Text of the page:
Approximately 4,600 individuals here in New Hampshire have no place to call home, with many currently living on the street, in their cars, within a crowded shelter or in environments not suitable for human habitation.
Our goal is to reduce the number of homeless residents in New Hampshire – and overall cases of chronic homelessness – by focusing on two at-risk populations:
- Veterans facing PTSD, substance use disorder and other major life challenges
- Pregnant and single mothers with histories of abusive environments, substance use and mental health challenges
We work with both populations to build stability through emergency shelter, transitional housing and a wide range of support services designed to help them get their lives back on track, secure permanent housing and prevent recurrences of homelessness.
Why This Matters
Nearly 4,700 people in New Hampshire experienced homelessness over the past year. Nearly 30% were individuals in families with children.
Nationally, approximately 60% of homeless families were headed by single women with children.
More than 37,000 veterans experience homelessness in the United States, which is approximately 7% of the overall homeless population. Veterans with a history of alcohol and substance use disorder are at a higher risk of recurrent homelessness.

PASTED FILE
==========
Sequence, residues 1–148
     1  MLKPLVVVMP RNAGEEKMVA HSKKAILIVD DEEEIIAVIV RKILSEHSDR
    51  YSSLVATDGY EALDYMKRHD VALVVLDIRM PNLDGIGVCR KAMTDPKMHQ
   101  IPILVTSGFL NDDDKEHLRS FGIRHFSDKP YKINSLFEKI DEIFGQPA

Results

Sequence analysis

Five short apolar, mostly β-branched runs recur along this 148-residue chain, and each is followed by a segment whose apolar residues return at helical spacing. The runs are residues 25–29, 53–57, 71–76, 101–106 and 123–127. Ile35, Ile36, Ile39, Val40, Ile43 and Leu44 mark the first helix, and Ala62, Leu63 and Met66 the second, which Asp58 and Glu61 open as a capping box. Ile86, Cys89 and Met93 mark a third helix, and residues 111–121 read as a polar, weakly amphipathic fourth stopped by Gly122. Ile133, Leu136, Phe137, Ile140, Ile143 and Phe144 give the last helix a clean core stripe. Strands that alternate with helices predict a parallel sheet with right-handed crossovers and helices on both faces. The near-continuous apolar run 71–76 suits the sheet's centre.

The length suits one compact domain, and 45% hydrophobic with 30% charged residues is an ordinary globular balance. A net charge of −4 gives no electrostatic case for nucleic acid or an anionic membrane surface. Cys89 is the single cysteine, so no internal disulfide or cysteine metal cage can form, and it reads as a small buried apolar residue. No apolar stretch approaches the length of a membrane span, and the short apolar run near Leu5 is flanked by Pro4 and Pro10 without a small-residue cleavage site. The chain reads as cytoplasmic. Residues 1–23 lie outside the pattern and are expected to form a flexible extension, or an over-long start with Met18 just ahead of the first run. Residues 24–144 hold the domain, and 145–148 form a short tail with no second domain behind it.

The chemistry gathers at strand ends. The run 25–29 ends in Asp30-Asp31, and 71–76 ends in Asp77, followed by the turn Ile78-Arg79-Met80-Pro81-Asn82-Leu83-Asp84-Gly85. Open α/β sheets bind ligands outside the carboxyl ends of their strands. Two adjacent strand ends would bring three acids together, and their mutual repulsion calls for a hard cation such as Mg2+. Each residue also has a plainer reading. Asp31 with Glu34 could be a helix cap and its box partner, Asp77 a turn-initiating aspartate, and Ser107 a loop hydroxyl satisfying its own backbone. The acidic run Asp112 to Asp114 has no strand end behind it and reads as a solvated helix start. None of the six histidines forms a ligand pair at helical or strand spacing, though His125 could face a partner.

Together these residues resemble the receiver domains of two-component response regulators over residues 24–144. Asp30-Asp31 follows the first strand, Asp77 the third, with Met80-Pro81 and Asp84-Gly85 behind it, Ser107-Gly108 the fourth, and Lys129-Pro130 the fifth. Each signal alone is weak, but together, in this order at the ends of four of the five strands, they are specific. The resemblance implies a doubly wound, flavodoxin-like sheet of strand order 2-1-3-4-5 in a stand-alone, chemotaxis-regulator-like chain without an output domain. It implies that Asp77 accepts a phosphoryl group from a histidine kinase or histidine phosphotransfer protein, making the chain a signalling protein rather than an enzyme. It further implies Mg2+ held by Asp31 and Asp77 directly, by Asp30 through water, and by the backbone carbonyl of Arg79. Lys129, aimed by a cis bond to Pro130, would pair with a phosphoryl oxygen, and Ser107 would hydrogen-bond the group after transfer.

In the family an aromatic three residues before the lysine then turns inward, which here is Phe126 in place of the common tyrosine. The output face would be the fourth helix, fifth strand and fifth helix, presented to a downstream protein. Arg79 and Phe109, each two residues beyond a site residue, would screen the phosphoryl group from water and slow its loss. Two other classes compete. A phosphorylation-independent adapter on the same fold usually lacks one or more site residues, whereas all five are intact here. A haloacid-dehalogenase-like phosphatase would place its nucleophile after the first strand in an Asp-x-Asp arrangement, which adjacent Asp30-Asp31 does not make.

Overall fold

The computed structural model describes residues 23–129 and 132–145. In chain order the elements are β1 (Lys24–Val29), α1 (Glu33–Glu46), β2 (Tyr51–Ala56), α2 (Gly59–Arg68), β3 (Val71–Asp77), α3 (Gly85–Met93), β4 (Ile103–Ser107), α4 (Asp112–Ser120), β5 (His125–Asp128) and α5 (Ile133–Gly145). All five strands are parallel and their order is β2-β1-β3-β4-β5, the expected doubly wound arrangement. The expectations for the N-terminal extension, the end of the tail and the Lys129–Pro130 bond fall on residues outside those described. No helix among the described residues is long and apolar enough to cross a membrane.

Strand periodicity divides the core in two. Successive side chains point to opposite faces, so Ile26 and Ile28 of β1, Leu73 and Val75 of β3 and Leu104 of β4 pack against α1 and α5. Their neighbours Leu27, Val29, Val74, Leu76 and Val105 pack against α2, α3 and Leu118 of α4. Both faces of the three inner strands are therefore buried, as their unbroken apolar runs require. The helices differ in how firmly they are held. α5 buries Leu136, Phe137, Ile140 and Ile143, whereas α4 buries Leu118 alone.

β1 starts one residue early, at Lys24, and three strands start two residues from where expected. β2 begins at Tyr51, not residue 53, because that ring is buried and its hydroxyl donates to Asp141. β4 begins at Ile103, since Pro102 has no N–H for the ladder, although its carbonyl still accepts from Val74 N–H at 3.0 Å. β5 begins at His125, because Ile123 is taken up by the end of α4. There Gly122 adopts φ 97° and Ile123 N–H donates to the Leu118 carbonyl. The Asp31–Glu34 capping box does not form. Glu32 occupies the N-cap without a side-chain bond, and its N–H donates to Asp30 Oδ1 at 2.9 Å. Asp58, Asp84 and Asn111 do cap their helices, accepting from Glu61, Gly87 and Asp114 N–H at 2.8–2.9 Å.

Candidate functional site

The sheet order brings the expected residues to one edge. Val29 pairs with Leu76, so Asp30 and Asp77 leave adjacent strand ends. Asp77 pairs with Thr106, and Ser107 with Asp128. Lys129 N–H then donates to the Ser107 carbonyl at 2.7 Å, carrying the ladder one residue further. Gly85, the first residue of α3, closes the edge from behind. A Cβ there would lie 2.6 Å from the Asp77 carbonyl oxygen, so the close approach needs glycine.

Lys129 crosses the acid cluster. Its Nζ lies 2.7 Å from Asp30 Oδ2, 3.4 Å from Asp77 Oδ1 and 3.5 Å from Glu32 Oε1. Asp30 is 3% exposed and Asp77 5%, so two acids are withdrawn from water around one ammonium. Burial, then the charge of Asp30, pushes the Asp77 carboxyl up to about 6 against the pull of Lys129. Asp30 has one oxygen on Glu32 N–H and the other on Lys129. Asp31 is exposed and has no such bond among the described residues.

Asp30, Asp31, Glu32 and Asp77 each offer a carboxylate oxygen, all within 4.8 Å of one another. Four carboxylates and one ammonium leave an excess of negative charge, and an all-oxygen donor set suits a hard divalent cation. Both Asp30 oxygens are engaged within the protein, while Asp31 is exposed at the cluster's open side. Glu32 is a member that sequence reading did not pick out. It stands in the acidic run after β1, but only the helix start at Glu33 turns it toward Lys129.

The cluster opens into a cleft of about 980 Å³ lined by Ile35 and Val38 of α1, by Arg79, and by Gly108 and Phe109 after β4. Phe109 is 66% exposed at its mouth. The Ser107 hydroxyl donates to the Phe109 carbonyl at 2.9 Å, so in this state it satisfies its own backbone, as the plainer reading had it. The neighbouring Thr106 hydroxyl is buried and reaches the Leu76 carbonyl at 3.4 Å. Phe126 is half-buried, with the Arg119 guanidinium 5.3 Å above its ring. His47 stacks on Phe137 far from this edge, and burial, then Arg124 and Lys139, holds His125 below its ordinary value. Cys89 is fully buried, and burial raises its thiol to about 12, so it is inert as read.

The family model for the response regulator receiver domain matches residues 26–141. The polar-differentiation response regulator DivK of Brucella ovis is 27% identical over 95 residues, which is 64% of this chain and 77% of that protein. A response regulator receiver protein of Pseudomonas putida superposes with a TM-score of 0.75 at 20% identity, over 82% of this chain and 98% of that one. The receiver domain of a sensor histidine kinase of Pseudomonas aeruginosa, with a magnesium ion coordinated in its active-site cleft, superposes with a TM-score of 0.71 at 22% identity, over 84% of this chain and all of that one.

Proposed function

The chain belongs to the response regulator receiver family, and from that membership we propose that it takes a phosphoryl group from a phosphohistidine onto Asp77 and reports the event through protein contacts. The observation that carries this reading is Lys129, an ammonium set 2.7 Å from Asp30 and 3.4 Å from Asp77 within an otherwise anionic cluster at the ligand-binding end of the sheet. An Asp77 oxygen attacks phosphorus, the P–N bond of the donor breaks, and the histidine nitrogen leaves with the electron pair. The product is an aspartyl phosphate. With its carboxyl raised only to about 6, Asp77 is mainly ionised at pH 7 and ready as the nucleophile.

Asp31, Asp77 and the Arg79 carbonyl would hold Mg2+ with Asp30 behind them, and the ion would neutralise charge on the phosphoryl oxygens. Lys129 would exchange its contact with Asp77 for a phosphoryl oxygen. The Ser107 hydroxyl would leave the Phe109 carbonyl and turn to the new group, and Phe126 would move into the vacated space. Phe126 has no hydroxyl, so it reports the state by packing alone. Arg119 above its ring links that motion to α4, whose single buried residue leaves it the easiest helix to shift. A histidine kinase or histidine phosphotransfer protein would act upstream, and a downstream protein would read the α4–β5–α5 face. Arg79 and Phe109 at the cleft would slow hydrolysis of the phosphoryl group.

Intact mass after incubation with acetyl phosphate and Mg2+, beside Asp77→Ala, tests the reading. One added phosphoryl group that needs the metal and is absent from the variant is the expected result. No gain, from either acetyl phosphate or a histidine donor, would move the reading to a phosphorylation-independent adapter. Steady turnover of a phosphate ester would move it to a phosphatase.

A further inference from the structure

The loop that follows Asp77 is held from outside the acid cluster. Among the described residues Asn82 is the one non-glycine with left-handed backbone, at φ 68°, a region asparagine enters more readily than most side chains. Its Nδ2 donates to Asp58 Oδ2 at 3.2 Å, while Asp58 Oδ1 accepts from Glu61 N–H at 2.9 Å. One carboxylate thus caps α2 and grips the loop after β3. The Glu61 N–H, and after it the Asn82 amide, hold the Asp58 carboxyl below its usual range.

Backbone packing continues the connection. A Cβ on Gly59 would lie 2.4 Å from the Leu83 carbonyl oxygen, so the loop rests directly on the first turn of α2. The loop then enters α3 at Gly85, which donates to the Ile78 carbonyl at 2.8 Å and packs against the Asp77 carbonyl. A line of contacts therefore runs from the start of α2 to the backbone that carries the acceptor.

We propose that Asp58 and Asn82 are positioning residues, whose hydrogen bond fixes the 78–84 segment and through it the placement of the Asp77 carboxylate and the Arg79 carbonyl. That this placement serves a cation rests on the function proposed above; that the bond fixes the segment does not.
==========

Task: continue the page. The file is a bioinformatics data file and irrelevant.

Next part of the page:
Emergency shelter – including 24/7 support, food and access to basic necessities – that connects pregnant women and single mothers with children to a supportive group setting.
Substance-free housing for veterans who are homeless and have a history of substance use, with a unique 4-Step process that guides them through recovery, mental and physical wellness, meaningful employment and, ultimately a successful transition to stable, permanent housing.
A wide range of support services for mothers and veterans, including individual case management, financial fitness training and life-skills coaching, that foster education and career development opportunities aimed to prevent recurrences of homelessness.
Results & Impact
Through our work, more families and veterans are able to not only move from homelessness to permanent housing, but also gain the skills and resources to move along the path to self-sufficiency. In the past year: